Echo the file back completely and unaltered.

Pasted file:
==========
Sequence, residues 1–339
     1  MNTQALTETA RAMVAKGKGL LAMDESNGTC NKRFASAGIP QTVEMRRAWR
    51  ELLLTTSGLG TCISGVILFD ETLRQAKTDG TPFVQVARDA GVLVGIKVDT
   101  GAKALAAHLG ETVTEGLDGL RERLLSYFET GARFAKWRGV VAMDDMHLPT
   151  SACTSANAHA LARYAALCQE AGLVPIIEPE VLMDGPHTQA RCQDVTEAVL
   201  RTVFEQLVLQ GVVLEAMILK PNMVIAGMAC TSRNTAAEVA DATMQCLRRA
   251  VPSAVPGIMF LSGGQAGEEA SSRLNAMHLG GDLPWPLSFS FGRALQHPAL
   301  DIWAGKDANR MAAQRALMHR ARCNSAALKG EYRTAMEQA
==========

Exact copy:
Sequence, residues 1–339
     1  MNTQALTETA RAMVAKGKGL LAMDESNGTC NKRFASAGIP QTVEMRRAWR
    51  ELLLTTSGLG TCISGVILFD ETLRQAKTDG TPFVQVARDA GVLVGIKVDT
   101  GAKALAAHLG ETVTEGLDGL RERLLSYFET GARFAKWRGV VAMDDMHLPT
   151  SACTSANAHA LARYAALCQE AGLVPIIEPE VLMDGPHTQA RCQDVTEAVL
   201  RTVFEQLVLQ GVVLEAMILK PNMVIAGMAC TSRNTAAEVA DATMQCLRRA
   251  VPSAVPGIMF LSGGQAGEEA SSRLNAMHLG GDLPWPLSFS FGRALQHPAL
   301  DIWAGKDANR MAAQRALMHR ARCNSAALKG EYRTAMEQA